Carol Morley | THE FALLING

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Carol Morley’s tale of a fainting epidemic in an all girl’s school in 1969 England finds the writer/director deepening the juxtaposition within her filmography between narrative fiction and documentary. The Falling may be most aptly described as a personal drama in the shell of a communal drama that possesses a haunting sense of feeling that is imbued with the high emotions of adolescence. But the most striking quality to what is only Morley’s second narrative feature is the humanity she infuses the film through conscious and unconscious that run parallel and afford the film a humanist depth.

Ahead of the UK theatrical release Morley shared with us her thoughts on the creative process, a willingness to transfer possession of her films, and how her interest in film audiences lies within dream realms.

STARBURST: Why a career in filmmaking? Was there that one inspirational moment?

Carol Morley: It's weird because I came to it relatively late; I wasn't the kid with a film camera like Spielberg with his Super 8. When I was about 23 I wasn't sure what I was doing with my life. I was just here and there doing anything, and I ended up enrolling in A Level courses in film and photography. The A Level course in film had a very inspirational teacher who made me more open to film, and so I fell in love with film in a different way. Obviously I had watched films before, but I really began to look at film differently, and that was really the starting point. Then during the A Level night class I realised that I wanted to make film. So I applied to St. Martins college and ended up going to college and studying fine art film and video. I didn't know at that point that I wanted to make feature films, but I definitely knew I had fallen in love with filmmaking.

The way in which ideas or stories take shape are divided between those writers who write through images, and those writers who perceive that stories are thought out through words. How does the process work for you? Does the idea emerge through images or expressions and words?

Well I think that you must be attracted to stories that resonate with you, and in that way there are feelings and experiences. With The Falling it is definitely feelings around the massive fear of teenagedom and the collective strangeness of it. Then when you think: well I want to tell a story about that, then for me I begin to look at pictures. But I also start writing and so it kind of happens simultaneously. The other thing I do is that once I begin to write the actual script or even once I begin to develop the characters which comes before the script, I play music.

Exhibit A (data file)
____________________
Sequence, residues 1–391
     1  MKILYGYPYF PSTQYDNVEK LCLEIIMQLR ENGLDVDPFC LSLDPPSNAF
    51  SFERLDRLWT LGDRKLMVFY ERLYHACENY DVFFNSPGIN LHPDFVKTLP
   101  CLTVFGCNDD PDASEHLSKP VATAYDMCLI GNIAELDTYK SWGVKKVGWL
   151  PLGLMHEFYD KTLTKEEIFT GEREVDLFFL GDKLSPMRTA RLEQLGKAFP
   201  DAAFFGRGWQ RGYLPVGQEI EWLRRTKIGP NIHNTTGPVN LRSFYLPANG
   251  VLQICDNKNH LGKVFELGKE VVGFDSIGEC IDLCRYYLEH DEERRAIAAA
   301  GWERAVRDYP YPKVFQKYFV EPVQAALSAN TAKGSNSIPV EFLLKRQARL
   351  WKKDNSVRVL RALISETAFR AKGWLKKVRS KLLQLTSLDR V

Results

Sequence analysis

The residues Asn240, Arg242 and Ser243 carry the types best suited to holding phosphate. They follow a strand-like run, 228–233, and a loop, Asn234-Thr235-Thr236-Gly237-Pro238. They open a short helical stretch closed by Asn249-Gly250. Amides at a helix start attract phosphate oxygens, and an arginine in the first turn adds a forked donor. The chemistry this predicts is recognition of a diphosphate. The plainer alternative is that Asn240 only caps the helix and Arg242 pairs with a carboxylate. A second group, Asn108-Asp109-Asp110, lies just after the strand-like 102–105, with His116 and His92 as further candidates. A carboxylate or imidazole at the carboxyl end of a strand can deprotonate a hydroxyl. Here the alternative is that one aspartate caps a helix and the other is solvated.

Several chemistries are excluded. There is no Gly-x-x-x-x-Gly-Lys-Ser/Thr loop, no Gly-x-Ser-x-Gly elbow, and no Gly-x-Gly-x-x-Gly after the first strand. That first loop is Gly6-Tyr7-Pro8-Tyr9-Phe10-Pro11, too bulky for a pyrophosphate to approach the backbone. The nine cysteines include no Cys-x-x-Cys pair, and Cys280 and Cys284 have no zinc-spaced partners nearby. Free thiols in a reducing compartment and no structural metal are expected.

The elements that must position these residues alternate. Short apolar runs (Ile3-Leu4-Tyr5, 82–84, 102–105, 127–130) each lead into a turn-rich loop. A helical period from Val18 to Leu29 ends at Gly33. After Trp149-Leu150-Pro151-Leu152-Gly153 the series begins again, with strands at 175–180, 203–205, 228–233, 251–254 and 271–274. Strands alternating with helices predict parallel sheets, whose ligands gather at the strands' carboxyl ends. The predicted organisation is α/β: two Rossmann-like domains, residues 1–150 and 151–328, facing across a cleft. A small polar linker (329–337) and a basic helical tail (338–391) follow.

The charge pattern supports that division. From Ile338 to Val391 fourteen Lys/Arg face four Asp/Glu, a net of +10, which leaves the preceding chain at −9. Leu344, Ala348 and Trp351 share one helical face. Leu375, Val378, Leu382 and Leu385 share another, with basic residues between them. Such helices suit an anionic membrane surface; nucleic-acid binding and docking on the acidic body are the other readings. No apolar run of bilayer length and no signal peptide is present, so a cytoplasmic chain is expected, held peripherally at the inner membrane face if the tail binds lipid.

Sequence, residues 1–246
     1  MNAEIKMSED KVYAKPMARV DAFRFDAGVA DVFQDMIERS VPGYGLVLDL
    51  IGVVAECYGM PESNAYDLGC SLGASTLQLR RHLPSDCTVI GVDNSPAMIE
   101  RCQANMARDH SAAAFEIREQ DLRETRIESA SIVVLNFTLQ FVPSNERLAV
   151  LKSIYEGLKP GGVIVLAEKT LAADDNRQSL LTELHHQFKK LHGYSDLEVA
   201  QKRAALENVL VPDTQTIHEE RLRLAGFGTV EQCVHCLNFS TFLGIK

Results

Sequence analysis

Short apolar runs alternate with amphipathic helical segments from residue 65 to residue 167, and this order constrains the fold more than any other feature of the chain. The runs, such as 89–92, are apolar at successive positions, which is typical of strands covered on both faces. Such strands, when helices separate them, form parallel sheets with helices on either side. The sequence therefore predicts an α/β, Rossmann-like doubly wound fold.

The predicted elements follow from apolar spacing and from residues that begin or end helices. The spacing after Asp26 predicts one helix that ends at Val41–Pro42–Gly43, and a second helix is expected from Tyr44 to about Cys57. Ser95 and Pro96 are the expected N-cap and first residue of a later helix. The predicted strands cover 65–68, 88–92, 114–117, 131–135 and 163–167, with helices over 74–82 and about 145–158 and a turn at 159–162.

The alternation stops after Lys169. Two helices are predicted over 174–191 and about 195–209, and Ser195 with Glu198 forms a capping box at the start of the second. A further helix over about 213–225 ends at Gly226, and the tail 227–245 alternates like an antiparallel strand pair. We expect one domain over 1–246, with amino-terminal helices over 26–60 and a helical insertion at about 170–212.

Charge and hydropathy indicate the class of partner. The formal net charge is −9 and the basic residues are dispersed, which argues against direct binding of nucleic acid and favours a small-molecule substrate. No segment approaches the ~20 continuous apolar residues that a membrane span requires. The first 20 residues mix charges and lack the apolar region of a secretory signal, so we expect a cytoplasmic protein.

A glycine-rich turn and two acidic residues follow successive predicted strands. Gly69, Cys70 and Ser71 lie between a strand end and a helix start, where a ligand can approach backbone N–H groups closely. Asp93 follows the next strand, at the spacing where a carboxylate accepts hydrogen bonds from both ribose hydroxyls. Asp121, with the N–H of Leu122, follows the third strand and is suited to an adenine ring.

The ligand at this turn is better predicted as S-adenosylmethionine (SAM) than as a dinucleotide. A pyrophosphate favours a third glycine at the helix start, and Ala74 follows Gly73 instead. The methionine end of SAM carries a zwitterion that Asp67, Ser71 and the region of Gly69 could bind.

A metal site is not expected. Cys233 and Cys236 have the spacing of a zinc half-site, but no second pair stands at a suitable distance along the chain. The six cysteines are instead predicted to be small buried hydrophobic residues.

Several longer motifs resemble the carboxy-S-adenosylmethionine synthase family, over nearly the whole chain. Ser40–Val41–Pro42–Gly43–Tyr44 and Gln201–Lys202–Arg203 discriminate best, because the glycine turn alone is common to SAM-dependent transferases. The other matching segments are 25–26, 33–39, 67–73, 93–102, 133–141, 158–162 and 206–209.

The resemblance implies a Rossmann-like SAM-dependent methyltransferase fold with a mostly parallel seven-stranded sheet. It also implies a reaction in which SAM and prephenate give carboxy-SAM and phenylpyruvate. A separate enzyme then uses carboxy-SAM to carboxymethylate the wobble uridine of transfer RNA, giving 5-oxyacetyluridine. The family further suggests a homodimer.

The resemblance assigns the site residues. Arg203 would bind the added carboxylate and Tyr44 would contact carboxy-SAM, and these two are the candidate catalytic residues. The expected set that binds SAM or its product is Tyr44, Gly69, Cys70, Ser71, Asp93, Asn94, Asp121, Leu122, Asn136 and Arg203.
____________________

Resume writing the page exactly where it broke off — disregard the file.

Music is a very important way in for me, and very early on with The Falling, once I had started to invent the characters they all had a song that for me was their song. It was a song they'd pick at their funeral or for Desert Island Discs. So I think it is a combination of image, music and words. But I think words you come to later to some extent because the words are what have to then define it and lock it down. To start with you want to create a world that is about feelings and emotion, which music is so brilliant at evoking.

On The Falling you were working with a cast that was a mix of youth and experience. Does working with either experienced or young actors change the dynamic for you as a director or are the collaborations with each individual from project to project unique and a journey in themselves?

Well I think you are right, and you have to see every situation as unique; you have to see everything as the first time. With The Falling, working with the younger less experienced actors - Maisie [Williams] obviously has a lot of experience - we did a lot of workshops. They learned how to faint, they played music together and they bonded. So by the time we came to set every single person as far as I was concerned was their character. So Maisie wasn't Maisie; she was Lydia, and Florence [Pugh] wasn't Florence; she was Abbie. I think it is very important that once you are on set the world exists. The crew, the heads of department nor I own that world. You want the world within the film to be owned by the cast, and in that way the cast feels that it's theirs. I always think of the cast as the frontline, because no matter how good the lighting or the sound is, if your performances are weak then it doesn't matter. No one is going to say: “I saw a film and it has great lighting.” I mean they will, but if the acting is bad they are going to notice, and so it is important for the actual cast to feel comfortable. I think that is how it can work having experienced and non-experienced actors together: just make them feel comfortable.

I’ve spoken with filmmakers who have said that once you have made the film and once you have put it out there, then it is no longer your film. Do you agree that ultimately there is a transfer of ownership and a film belongs to its audience?